Entrepreneurship at George Washington University


I had the pleasure of meeting recently with Professor John Rollins who teaches business and entrepreneurship at The George Washington University (GW) in Washington, DC.  John has a long history of successful entrepreneurial ventures and several years ago decided to share his experience by entering academia.  Though our particular business experience is markedly different, we have some cultural history in common (like being at Woodstock and seeing the Jefferson Airplane, Grateful Dead, etc, at The Fillmore Auditorium in San Francisco), as well as strong feelings about the value of knowing how to think like an entrepreneur.

An important component of his program is the development of a business plan competition where teams of students present their business ideas to a distinguished panel of successful entrepreneurs and business leaders in a “real world” presentation format modeled after venture capital presentations.  Four separate awards are given to the ‘winning’ teams, totaling $30,000.

The reason this can happen at GW is that healthcare entrepreneur Richard Scott and Annette Scott have generously funded this innovative program for ten years with a donation of $300,000, ensuring a decade of innovation from some of the brightest and most creative minds in Washington, D.C.

Similar programs also take place on many other US College campuses, with Rice University and The Wharton School a U Penn being two notable examples.  The size of the competition though is less important  though than its raison d’etre.

John and I are in solid agreement that innovation, the backbone of American enterprise, can only occur in environments that embrace risk taking, that learn from mistakes, that share in the rewards of success.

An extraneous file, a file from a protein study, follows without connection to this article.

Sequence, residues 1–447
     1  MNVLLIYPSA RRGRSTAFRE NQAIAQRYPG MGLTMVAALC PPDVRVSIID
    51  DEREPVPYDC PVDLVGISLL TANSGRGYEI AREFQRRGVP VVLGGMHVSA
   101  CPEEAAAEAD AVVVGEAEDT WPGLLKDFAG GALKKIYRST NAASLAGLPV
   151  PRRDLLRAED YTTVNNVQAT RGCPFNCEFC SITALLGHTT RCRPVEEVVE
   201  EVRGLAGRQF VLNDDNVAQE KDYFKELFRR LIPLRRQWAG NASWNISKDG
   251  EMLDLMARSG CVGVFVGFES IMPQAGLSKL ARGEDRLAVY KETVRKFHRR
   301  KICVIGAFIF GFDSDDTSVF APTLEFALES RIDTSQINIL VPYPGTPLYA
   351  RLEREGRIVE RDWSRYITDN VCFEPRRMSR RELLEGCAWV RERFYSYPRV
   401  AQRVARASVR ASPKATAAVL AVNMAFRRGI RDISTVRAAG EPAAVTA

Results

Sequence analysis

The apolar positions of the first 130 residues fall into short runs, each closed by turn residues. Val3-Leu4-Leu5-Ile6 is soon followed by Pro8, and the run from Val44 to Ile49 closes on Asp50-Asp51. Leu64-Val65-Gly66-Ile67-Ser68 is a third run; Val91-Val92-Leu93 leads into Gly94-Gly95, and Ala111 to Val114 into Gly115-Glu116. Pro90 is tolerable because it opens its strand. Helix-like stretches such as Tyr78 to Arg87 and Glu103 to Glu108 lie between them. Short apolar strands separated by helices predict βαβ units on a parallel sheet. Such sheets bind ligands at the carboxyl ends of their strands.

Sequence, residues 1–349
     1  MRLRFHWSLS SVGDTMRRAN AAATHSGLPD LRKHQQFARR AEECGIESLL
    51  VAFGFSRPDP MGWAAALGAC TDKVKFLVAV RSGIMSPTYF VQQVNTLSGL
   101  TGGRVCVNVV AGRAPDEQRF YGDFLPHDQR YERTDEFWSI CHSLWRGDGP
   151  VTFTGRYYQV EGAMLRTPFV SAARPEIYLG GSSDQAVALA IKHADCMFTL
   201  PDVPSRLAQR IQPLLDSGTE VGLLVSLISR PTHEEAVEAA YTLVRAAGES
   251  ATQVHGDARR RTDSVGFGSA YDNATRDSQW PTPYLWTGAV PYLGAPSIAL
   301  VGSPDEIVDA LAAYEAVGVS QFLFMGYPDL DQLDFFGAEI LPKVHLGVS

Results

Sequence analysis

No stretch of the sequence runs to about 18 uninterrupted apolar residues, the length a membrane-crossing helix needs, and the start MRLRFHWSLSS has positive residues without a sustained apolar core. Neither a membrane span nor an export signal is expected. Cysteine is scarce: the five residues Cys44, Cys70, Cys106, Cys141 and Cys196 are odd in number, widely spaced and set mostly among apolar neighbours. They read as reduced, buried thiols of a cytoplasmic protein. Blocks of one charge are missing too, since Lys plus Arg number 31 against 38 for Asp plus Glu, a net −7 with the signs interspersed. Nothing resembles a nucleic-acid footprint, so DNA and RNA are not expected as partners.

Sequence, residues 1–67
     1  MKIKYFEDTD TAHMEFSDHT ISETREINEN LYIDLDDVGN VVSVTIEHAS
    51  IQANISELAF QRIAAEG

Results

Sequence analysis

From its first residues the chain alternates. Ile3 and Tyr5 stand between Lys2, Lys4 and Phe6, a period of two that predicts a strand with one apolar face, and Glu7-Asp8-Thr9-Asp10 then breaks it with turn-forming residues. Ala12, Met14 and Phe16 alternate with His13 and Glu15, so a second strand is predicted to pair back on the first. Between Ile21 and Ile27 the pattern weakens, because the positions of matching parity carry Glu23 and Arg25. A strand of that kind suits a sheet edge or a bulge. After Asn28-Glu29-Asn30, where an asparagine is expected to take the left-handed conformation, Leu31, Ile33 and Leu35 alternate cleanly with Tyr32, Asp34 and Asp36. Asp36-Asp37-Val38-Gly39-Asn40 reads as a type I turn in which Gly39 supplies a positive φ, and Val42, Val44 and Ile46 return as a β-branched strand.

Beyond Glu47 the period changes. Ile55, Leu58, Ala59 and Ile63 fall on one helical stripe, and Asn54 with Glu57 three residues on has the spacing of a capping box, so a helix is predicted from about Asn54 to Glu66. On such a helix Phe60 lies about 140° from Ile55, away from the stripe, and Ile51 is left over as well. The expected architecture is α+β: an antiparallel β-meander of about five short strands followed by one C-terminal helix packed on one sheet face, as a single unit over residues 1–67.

We also favor cross campus entrepreneurialism.  This means encouraging all types of students, not just those following a traditional business program, but artists, engineers, philosophy majors and linguists to immerse themselves in an entrepreneurial mindset.  There are two reasons for this:

1) No matter what you do for work, you will be in business, dealing with others who are in business, sharing a language and processes for what is ideally your mutual benefit.  This will help establish a common ground on which to communicate and will equip you with basic business skills: like finding mentors, making a business plan, identifying funding sources and the all important, Marketing. And many people will just plain find themselves in the situation of needing to creatively come up with a way to make money, like in questionable economies, like now.

2) Perhaps even more important, by mixing up student types you support the sharing of radically different outlooks on the world; and it is this intimate sharing that will identify new problems, that will uncover non-obvious solutions to those problems, that will keep ingenuity on an equal par with all of that business knowledge as a means of starting, running and growing a business.

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